Since Dorothy Silver’s passing July 17, there has been a steady stream of heartfelt posted and printed testimonials from those whose lives she touched upon arriving in Cleveland in 1955 with her brilliant husband and favorite scene partner, Reuben, who died in 2014.
Understandably, so many are from those who witnessed a performance or two that was truly transportive.
As a theater critic these past 20 years, I shared with them the pleasure and privilege of watching Dorothy perform. From the best seat in the house – sixth row center – I witnessed the abundant talent that gave way to what appeared to be effortless performance, for I never once spied the immense effort, purposeful calculation or honed craft behind it. Dorothy’s intelligent eyes were always focused, always lost in the world of the play, and always true to the character being performed. I can’t recall a performance that didn’t end with a standing ovation.
But many of the testimonials come from colleagues she had mentored while taking on the artistic leadership of Cleveland’s historic Karamu Theatre from the mid-1950s to the 1970s.
So many others are from those whose careers she helped launch and shape during the 12 years she headed the performing and visual arts department at the old Jewish Community Center in Cleveland Heights.
Most are from the local actors, directors and crews she had performed with over these many years, including those involved in what was likely her final performance – recorded in September 2020, when Dorothy was 91 – as part of Dobama Theatre’s “The Soliloquy Project.”
“The wrinkles,” she said, with typical modesty upon seeing the recorded performance, “they do all the work. They are well-earned, those wrinkles. I worked hard for them.”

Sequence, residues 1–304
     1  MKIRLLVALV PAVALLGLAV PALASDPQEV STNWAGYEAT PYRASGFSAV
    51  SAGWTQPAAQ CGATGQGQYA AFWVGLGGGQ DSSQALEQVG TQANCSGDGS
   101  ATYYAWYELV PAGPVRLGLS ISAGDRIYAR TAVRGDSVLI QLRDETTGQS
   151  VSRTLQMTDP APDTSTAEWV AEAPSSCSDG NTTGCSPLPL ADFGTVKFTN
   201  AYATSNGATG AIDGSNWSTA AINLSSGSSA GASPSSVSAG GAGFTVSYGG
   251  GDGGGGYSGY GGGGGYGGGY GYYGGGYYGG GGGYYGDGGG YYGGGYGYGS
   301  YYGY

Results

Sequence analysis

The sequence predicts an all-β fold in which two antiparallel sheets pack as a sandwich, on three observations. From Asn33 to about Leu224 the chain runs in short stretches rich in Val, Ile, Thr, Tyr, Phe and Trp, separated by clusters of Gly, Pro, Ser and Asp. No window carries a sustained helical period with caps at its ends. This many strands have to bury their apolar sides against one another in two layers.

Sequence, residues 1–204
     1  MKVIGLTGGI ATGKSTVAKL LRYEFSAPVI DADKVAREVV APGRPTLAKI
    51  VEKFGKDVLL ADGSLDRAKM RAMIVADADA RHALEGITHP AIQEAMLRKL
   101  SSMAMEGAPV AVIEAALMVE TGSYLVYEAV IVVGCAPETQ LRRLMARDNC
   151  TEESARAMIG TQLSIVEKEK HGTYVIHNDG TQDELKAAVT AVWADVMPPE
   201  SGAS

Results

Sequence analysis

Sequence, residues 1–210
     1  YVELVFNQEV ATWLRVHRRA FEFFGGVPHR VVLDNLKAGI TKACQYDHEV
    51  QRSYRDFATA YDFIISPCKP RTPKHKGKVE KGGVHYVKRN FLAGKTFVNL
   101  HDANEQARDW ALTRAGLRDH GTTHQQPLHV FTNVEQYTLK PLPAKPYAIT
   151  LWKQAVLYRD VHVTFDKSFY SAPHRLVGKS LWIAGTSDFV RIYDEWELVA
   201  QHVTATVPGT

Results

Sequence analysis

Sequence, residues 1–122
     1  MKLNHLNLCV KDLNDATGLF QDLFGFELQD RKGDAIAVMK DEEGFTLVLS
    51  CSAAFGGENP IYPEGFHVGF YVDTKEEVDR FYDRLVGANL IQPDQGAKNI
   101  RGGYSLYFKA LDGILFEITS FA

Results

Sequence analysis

Yes, she did.
As an occasional actor, I had the opportunity to share the stage with Dorothy, most recently in the Cleveland Play House production of “Yentl,” and watched the work being done. Dorothy gave the pre-show curtain speech about turning off cellphones and unwrapping candy, in Yiddish, which was then translated into English – with great creative license – by actor and improvisation master Marc Moritz. There’s me, fourth Jew from the left, in awe and with an even better seat from which to watch Dorothy on stage. I was so mesmerized by her preparation and performance that, most nights, I came close to missing my cues because I was busy watching Cleveland’s most veteran and venerated actress just a few feet away.
Thirty years earlier, I was first introduced to Dorothy at my son’s bris. Reuben and I were colleagues at Cleveland State University, and he gladly accepted my invitation to come with Dorothy to my home and attend. From the best seat in my house, I saw the two of them weep openly and laugh joyfully throughout the ritual. And in the years that followed, every encounter with Dorothy started with, “How’s the boy?” and would not move forward until I had given her a full and detailed report.
A few years earlier, when I first came to Cleveland, I had read about this force of nature named Dorothy Silver in a theater review written by freelance critic Benjamin Gleisser for the Cleveland Jewish News. In it he wrote: “I would pay to see her read the Cleveland Heights phone book.”
I couldn’t agree more.
But since reading these recent testimonials, it is clear that her greatest impact in her 92 years was not on the audiences she enthralled while on stage, but on those she worked with while off-stage. And their families. I think that her genuine interest in others, her compassion and the relationships she forged with fellow theater artists will serve as her greatest legacy.